Over the past four years we have been supporting new writers to develop their skills in scientific health reporting through our Emerging Voices programme.
Emerging Voices gives new writers opportunities to develop their skills in a professional and supportive environment. Successful candidates will have the opportunity to write, update and edit information and articles on aidsmap, including news articles, email bulletins and factsheets. We offer support and coaching – and we pay for any published work, so there’s the opportunity to earn while you learn.
A greater range of experience within our team elevates our work. The Emerging Voices programme is open to people in the UK and from all over the world. You will need to have email access and be able to attend online meetings.
We are keen to work with people from regions and communities with high levels of HIV. We particularly welcome applications from trans and young people, from people of colour and from people with lived experience of migration, sex work, injecting drug use or incarceration – all groups which are currently under-represented in scientific writing. We’d like to recruit more people with strong connections to communities affected by HIV in Africa, Asia, Latin America and elsewhere. We welcome applicants who are living with HIV but there is no expectation that writers need to be open about their HIV status.
Many people who have participated in the Emerging Voices programme have gone on to become regular freelance contributors to aidsmap and some have used the skills and experience gained to access new employment opportunities writing about health.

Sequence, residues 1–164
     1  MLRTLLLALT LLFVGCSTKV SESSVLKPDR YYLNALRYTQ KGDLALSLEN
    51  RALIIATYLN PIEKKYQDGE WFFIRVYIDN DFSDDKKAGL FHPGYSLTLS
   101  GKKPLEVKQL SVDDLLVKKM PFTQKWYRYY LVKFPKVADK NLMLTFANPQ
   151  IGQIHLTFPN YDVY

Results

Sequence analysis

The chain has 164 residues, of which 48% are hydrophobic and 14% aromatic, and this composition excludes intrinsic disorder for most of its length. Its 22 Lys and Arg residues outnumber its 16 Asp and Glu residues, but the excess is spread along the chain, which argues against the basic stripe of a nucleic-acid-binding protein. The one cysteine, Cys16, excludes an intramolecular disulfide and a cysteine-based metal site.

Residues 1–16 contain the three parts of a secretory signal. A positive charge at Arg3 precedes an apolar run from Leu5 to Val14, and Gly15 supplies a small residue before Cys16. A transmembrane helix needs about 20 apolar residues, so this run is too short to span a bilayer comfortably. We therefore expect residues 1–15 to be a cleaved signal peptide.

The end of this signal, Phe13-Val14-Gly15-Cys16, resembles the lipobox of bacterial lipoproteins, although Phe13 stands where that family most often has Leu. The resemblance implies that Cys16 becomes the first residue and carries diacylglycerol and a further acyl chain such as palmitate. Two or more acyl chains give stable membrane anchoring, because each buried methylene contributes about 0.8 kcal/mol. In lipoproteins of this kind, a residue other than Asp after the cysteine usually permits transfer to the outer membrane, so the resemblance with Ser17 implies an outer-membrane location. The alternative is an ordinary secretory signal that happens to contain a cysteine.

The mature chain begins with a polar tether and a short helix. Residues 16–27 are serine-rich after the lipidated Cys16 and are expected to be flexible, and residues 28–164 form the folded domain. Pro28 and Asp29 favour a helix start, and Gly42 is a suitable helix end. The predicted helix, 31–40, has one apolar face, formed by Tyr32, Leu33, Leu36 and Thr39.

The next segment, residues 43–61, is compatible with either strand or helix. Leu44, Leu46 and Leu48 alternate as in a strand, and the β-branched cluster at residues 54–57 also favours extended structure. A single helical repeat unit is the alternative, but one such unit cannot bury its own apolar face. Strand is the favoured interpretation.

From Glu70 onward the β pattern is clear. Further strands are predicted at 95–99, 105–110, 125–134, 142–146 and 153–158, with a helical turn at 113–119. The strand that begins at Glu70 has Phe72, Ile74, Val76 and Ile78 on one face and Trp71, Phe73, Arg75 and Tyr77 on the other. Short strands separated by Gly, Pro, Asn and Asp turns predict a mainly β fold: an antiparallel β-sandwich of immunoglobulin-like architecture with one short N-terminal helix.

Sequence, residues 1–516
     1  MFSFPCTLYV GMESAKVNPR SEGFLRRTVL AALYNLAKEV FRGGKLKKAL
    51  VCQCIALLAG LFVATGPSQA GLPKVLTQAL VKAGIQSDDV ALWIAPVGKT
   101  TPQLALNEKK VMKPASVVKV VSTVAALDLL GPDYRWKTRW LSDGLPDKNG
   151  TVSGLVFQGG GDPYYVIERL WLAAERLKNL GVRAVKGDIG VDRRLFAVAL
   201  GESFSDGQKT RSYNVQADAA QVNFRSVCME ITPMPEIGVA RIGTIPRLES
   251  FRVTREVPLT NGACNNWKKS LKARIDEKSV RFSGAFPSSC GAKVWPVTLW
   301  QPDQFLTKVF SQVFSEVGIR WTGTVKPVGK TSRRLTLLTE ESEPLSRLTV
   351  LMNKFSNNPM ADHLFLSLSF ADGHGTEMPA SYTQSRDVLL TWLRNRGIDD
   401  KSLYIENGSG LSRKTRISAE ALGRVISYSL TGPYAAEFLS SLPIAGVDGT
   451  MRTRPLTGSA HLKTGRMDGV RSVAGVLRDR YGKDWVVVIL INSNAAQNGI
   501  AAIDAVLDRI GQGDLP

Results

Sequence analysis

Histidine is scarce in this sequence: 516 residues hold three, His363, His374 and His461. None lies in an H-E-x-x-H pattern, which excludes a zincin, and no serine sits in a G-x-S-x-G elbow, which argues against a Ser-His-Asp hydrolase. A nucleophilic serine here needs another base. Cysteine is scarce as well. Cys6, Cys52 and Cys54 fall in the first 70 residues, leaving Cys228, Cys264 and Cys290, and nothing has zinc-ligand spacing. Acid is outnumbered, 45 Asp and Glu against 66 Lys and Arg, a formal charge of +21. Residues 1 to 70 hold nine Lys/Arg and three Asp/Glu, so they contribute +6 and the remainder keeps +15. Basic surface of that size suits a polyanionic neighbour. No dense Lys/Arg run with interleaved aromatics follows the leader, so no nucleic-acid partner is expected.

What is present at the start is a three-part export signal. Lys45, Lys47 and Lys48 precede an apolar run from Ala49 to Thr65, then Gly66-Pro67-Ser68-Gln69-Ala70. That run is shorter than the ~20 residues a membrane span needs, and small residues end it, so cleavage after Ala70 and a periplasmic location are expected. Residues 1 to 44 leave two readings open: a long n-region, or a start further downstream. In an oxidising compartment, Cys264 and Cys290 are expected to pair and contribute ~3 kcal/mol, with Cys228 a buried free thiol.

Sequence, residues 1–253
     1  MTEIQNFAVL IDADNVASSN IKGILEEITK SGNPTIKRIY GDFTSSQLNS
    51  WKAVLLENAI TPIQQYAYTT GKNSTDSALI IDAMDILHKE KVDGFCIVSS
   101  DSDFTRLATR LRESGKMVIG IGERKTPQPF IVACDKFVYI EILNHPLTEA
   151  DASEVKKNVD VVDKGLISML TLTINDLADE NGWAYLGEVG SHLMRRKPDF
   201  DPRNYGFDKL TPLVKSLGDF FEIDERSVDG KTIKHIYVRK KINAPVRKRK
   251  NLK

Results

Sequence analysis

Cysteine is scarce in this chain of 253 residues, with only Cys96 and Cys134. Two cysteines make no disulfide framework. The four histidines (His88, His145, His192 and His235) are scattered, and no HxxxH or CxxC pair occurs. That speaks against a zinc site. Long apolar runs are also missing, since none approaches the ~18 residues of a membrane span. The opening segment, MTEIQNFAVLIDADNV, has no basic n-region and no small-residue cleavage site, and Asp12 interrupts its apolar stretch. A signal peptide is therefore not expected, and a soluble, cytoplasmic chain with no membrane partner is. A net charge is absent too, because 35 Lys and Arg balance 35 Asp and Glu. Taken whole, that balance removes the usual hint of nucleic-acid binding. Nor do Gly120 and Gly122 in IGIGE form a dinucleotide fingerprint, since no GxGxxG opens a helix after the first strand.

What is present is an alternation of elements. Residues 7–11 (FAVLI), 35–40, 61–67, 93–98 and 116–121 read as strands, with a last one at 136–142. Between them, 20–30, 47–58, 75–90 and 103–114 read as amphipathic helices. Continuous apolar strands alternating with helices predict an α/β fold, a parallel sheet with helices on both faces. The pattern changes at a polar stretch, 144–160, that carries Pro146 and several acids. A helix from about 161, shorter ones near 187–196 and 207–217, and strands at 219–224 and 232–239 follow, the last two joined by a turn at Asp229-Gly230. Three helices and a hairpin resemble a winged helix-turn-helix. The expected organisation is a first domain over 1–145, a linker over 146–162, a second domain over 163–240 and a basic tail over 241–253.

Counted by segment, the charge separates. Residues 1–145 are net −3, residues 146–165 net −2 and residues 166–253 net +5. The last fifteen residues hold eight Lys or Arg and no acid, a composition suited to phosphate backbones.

“I came in with no medical background and zero science writing experience, but through the support I’ve been getting, in just about one year, I understand and can clearly write about the latest news on HIV. Besides the writing, the programme has enabled me to unlearn and relearn the way I think about HIV prevention and treatment. This has given me a voice so that I can now confidently speak to peers and people in my community about the things I write, and how HIV has changed.”
Edith Magak, journalist from Kenya.
“As a person living with HIV, I am acutely aware of the importance of trustworthy information in fighting stigma and achieving optimal health. Through the programme, I received one-on-one mentoring and feedback as I revised and created content about topics I am passionate about. This has strengthened my writing, editing, and research skills, as well as my confidence in my abilities.”
Mariah Wilberg, US.
“As a curious person living with HIV, I always enjoyed reading scientific papers on HIV but explaining them to other people was not always easy. Reading scientific papers and reporting on them for aidsmap helped me break things down for other people living with HIV and enabled me to argue certain points better as an activist.”
Oğuzhan Nuh, a queer and HIV activist from Turkey.
The current wave of recruitment to Emerging Voices closes on Friday 10 November (applications by 9am UK time please).